Timm C.M.,PECOS Management Services Inc. | Mueller C.,PECOS Management Services Inc.
13th International High-Level Radioactive Waste Management Conference 2011, IHLRWMC 2011 | Year: 2011

In the late 1940's and early 1950's, high-level radioactive waste (HLW) was managed by long-term storage and/or shallow burial in landfills. In 1957, the Board on Radioactive Waste Management of the National Academy of Sciences (NAS) issued the report "The Disposal of Radioactive Waste on Land" which stated: "Unlike the disposal of any other type of waste, the hazard related to radioactive waste is so great that no element of doubt should be allowed to exist regarding safety." The report went on to state that "Safe disposal means that the waste shall not come in contact with any living thing." This, and other conferences and reports led to the decision that the preferred option for HLW disposal was in a deep geological repository.. This in turn led to the decision by the US government to pursue disposal in deep, stable geologic formations for the higher activity, in particular transuranic and high-level, radioactive waste. Subsequently, that decision was accepted by both international bodies (IAEA) and numerous other countries and major initiatives began to convert the decision to reality. A review of the meetings and conferences that led to the consensus that a deep geologic repository was the best (only) solution does not provide much detail in terms as to the risk analysis or other means that the scientists, engineers, managers and others involved in those deliberations decided that deep geologic repositories were the solution. This paper discusses the evolution of the recommendation for disposal of HLW for geologic repositories, reviews the available risk-benefit analysis that support that recommendation, the evolution of the standards that were developed defining the design period of time for the isolation of the radioactive wastes disposed in these repositories from the public after closure, the development of the associated performance (containment) requirements, and the basic flaws in those approaches.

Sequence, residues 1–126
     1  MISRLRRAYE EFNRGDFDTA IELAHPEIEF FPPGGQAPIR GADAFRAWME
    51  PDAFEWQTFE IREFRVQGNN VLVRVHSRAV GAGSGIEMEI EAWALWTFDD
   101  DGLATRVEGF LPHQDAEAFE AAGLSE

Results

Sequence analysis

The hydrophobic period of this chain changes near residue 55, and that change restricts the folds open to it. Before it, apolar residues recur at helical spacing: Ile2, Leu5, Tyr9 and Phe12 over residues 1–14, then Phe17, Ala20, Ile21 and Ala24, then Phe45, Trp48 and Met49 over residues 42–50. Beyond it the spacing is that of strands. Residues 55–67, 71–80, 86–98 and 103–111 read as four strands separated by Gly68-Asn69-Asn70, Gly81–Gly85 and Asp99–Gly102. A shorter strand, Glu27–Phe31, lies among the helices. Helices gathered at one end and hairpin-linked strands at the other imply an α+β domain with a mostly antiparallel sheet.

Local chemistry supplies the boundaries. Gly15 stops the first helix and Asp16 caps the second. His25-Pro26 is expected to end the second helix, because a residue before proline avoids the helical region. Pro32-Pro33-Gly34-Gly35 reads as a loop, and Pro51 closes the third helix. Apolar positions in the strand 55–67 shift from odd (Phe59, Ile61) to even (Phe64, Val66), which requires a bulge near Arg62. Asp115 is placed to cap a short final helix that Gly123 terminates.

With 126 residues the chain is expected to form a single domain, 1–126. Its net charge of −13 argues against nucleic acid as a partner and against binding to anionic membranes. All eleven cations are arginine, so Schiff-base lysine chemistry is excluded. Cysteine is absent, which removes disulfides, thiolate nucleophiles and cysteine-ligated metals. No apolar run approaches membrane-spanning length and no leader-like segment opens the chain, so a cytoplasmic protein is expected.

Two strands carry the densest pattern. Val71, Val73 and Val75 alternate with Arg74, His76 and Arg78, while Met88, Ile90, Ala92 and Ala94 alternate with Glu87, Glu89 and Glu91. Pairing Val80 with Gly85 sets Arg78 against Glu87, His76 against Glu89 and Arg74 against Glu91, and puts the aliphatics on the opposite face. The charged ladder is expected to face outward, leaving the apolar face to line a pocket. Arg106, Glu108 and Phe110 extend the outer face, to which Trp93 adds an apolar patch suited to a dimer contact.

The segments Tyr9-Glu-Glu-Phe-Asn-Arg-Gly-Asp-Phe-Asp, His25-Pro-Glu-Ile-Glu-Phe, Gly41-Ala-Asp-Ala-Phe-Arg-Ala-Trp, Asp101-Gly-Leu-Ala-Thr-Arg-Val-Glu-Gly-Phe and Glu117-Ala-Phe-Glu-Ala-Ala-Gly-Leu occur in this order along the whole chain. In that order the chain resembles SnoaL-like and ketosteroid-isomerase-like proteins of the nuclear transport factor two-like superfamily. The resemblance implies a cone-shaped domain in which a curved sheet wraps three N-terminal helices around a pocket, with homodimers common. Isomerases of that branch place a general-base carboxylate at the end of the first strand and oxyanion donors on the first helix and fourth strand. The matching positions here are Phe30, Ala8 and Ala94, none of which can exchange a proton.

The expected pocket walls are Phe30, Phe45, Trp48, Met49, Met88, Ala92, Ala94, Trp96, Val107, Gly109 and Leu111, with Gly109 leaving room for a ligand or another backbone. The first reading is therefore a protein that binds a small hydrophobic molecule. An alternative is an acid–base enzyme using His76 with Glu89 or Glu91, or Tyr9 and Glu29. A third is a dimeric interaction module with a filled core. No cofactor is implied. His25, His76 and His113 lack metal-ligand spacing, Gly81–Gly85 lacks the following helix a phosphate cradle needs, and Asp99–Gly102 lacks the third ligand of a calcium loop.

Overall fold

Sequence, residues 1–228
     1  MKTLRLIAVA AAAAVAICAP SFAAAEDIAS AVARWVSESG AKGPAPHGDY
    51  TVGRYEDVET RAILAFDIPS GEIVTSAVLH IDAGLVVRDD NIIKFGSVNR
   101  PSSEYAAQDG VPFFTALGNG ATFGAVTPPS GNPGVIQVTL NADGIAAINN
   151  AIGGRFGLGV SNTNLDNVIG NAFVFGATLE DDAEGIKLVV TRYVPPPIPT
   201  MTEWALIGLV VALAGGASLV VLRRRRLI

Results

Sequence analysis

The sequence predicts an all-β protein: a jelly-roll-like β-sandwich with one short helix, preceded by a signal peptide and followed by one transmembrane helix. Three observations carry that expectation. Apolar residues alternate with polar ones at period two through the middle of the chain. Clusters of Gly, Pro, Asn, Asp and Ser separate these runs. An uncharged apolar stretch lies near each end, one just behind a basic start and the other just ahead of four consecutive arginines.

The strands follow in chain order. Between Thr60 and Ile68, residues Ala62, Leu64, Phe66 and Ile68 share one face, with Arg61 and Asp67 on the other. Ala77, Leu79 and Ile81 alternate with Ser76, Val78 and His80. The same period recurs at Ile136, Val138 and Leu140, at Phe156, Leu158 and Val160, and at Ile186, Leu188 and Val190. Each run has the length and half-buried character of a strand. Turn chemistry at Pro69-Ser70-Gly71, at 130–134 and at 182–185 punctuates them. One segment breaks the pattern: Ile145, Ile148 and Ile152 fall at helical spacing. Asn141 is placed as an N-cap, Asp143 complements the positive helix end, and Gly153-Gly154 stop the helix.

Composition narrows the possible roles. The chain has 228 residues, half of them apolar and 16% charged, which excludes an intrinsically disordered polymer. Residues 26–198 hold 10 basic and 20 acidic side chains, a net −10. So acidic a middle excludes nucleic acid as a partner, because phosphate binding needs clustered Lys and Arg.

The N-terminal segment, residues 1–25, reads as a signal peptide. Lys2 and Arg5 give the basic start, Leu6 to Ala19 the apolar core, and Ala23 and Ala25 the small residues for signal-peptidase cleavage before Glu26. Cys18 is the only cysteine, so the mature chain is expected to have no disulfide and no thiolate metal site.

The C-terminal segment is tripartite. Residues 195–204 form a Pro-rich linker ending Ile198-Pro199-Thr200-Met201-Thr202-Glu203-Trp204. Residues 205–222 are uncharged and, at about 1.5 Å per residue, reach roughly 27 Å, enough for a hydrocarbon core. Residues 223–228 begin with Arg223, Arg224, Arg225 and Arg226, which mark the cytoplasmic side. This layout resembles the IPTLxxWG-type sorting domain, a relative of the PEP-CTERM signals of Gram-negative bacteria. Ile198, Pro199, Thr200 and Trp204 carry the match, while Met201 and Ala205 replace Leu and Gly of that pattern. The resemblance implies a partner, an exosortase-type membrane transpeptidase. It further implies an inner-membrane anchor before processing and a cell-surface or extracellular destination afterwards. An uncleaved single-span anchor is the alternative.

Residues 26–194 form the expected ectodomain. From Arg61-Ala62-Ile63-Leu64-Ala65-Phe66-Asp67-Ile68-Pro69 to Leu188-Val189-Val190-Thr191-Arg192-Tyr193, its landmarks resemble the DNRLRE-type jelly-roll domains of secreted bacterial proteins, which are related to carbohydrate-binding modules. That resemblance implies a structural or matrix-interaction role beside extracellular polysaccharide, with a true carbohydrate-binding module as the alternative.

Timm C.M.,PECOS Management Services Inc. | Mueller C.,PECOS Management Services Inc.
Radwaste Solutions | Year: 2012

The US Atomic Energy Commission (AEC) has convened groups of experts at several conferences and sponsored research to evaluate long-term high-level waste disposal options and examine basic flaws in the recommendaton for disposal of high-level waste (HLW) in geologic repositories. The first evaluation was for the possibility of ocean disposal. The identified issues involved in this method of disposal were heat dissipation and biological accumulation. Discussions also included the possibility of processing the HLW to remove cesium and strontium and thus reduce the expected safe-storage life of the remaining wastes by an order of magnitude. A major point made by the environmental impact statement (EIS) report was that the best, safest, long-term option for dealing with HLW is geological isolation. Blue Ribbon Commission on America's Nuclear Future (BRC) report issued in January 2012 stated that deep geologic disposal capacity is an essential component of a comprehensive nuclear waste management system.